Twenty years later, he’s still learning, but now he uses an electronic set with headphones. “It’s not that I intend to play [professionally]. I’ve just always loved drums,” Slimane explains. “But I just don’t have so much time to do these things.”
Slimane’s a busy guy. This week, he will be in Manhattan to see the opening Sunday at P.S. 1 of “Hedi Slimane: Berlin,” a collection of photographs from his book published by D.A.P. in January. While he’s in the neighborhood, he’ll celebrate the new Dior Homme store on 57th Street, which opened last month, with a party Wednesday night in West Chelsea, where Sonic Youth will perform.
“Taking pictures has always been a natural way to capture my daily routine,” says Slimane, who discovered cameras before the drums, at age 11, “though the pictures I took then are not so different from the ones I’m taking now.”
The installation at P.S. 1, which was previously in Berlin and will soon move to Tokyo, comprises a white cube in a big white space upon which Slimane’s images of opaque architectural interiors, bleak environmental shots and young, shirtless men are projected in slow motion. “It’s like a cinematographic effect,” Slimane explains. The images illustrate the counterculture he fell upon in Berlin during a residency at the Kunst-Werk Studio from 2000 to 2002, as he shuttled back and forth from Paris. “I was a stranger documenting the city.”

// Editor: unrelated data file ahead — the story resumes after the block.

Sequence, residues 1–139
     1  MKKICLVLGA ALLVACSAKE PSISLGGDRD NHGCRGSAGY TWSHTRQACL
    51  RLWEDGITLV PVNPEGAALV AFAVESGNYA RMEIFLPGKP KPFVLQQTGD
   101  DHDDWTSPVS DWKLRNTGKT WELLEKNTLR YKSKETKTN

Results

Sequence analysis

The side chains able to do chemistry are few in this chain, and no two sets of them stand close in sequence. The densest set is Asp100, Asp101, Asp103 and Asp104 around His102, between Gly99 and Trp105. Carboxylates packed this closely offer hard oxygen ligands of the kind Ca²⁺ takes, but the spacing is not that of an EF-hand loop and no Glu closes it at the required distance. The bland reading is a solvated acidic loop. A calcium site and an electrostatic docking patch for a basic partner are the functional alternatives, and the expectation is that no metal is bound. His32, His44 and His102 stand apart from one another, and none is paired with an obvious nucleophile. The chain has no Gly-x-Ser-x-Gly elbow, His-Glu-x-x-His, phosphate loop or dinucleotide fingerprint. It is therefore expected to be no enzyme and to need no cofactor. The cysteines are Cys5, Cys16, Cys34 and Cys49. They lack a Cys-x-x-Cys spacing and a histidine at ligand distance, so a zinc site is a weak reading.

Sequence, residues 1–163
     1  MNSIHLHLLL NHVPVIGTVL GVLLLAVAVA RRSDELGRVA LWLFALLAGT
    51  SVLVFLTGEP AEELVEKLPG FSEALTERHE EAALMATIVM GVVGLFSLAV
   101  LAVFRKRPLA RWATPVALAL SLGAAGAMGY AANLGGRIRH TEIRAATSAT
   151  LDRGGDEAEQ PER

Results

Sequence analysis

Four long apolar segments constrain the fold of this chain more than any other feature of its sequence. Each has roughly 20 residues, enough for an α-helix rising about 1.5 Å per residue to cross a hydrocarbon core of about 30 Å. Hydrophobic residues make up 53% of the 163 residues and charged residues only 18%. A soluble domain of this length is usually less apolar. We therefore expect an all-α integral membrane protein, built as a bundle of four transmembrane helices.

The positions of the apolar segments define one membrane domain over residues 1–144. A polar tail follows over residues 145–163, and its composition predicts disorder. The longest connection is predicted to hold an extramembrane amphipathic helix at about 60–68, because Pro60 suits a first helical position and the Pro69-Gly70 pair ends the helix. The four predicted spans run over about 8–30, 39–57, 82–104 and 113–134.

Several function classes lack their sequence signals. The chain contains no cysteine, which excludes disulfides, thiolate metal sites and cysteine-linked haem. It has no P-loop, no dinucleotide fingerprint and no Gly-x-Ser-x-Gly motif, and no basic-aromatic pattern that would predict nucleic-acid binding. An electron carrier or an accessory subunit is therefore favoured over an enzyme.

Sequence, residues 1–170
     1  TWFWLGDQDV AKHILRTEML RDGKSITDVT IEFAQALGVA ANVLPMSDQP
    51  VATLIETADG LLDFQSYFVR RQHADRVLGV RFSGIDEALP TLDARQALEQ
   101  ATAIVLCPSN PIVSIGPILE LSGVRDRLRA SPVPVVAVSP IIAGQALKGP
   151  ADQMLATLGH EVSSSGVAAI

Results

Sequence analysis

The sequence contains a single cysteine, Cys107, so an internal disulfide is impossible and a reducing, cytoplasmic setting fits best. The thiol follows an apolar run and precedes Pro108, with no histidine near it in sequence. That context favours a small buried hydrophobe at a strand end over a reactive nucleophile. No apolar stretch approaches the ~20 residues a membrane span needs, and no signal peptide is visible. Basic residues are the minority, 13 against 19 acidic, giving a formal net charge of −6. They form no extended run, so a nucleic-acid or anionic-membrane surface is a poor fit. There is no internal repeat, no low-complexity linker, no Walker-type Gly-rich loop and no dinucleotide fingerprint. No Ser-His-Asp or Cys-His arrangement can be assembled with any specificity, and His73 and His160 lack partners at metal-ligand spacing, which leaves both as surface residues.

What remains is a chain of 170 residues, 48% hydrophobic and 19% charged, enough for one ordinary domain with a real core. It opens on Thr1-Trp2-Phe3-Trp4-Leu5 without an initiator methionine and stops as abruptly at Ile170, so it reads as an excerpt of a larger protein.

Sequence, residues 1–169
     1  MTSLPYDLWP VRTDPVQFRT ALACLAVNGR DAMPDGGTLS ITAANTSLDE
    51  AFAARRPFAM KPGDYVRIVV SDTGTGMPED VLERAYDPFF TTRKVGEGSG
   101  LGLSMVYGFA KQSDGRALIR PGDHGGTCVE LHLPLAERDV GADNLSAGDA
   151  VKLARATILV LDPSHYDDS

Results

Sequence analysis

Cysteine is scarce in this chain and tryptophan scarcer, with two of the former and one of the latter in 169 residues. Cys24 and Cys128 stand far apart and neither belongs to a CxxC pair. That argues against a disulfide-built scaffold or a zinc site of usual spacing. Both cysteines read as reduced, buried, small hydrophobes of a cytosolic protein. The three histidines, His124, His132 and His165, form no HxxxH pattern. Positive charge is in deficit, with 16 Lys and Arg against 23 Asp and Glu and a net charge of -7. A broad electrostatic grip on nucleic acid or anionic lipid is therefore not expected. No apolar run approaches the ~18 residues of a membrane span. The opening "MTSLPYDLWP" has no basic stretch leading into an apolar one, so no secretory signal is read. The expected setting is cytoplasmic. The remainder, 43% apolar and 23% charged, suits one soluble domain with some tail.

Slimane has lately been dressing a lot of rockers and his interest in music (and the fact that he has a lot of friends in the industry) led him to a new project: a book of photographs called “Stage” that D.A.P. will release this fall. (He also recently photographed the latest album cover for the French band Phoenix, which Sofia Coppola featured on the “Lost in Translation” soundtrack.) For three years, he’s followed “lots of different generations” of bands, from The Thrills and The Kills and The Libertines to David Bowie and Blondie.